Taking care of the whole…
I’m all about balance. For me, self care has to embrace all aspects of myself. Otherwise I’m neglecting some part of me and well, neglect is not caring. To put it simply.
I try to steer away from too much positive thinking stuff. It has a place in the world. It’s a great motivator. It helps change your perception.
But to truly accept yourself. To truly thrive in this world. To love and care for yourself, you must find peace with all of you. That includes your dark side … or shadow self as Carl Jung called it.
In some ways I’m just getting into what is called shadow work. But in other ways, when I think about it, I’ve always done it. I just didn’t realize I was doing it.
I’m a big fan of Edgar Allen Poe. Horror stories in general. Big fan. Growing up, Poe was kind of my idol. I didn’t look up to too many people to be honest. But Poe I did.
Why would I look up to some alcoholic, opioid-addicted writer? Because he made the dark side of human nature OK. Or at least worthy of acknowledging. And, unfortunately, his addictions were the unhealthy solution for dealing with his dark side.
Even as a child I knew I wasn’t the only one who ever had a terrible thought. We all have them. It’s part of being human. To deny that is to deny yourself. So when I discovered Poe … well, the world opened up.
Poe took his dark side, the evil parts, the hidden and taboo and put them out there for the world to see. I appreciated that. In fact, as I got older maybe I appreciated it a little too much.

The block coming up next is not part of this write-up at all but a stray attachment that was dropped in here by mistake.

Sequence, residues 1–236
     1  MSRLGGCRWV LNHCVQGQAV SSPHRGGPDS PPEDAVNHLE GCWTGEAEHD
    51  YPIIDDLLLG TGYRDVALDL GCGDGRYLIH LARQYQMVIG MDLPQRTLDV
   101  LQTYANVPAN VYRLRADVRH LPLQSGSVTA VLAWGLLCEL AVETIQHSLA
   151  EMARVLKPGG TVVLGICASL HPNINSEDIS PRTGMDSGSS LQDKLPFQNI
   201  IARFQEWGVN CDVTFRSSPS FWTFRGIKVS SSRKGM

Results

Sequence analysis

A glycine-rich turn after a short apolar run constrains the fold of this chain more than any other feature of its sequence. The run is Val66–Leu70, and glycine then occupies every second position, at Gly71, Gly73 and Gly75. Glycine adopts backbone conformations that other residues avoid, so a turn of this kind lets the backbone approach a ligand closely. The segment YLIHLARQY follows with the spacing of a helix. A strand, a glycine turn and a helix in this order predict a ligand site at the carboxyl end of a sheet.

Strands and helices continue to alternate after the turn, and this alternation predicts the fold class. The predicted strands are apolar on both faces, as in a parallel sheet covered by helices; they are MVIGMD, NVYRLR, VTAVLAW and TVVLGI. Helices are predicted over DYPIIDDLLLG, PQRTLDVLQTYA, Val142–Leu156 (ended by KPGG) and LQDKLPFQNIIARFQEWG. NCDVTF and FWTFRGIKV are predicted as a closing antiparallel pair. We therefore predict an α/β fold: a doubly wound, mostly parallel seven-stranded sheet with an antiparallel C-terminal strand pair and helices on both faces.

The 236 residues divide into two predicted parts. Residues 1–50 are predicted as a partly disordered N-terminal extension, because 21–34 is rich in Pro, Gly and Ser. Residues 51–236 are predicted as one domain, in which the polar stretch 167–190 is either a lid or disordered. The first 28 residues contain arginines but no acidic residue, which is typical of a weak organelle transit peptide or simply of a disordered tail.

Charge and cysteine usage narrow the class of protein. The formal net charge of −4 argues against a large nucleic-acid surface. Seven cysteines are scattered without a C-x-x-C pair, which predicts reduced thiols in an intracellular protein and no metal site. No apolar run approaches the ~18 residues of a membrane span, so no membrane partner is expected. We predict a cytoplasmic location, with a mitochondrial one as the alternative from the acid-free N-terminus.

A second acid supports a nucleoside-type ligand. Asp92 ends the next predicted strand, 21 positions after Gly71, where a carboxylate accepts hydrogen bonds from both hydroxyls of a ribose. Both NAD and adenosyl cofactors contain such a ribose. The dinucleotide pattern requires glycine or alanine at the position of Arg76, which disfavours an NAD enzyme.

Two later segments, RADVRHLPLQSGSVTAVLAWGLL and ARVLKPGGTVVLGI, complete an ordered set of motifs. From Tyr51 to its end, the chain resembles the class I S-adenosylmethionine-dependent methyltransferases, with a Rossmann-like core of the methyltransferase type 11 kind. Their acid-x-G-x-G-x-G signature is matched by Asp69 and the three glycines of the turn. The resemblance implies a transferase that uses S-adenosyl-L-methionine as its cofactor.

You could say I went skinny dipping in the dark side of the mind. I dove in, buck naked and didn’t come out for a while.
I studied psychology in college. Most of my college life was as a psych major. Part of my interest was wanting to help others, of course. But the other part of it was wanting to understand the dark side of human nature. I particularly wanted to work with serial killers and child abusers and the like.
I had a unique ability, I felt, to dive deep down into the dark side of myself and of others. To understand their motivations. People felt comfortable talking to me because they could be honest – dark side and all.
I try not to judge anyone for having feelings — good or bad — because we all have them. Like I said in my last post, people’s change of fear is their dark side. And if they don’t cope with it, then the begin to hate and threaten. So I think too many people are letting their dark sides rule them and not finding the proper balance.
But anyway, back to my swim in the dark end of the pool. My theory was that I could use my skill to help catch and profile serial killers. And, that weird, undyingly hopeful side of me thought I could help “cure” them, as well. I thought I could make them feel more understood and therefore I could actually work with them.
For some reason I’ve always felt that I could fix the unfixable. A bit of arrogance on my part, I suppose.
So my trip to the dark side was strange. I realize that. But it was my thing.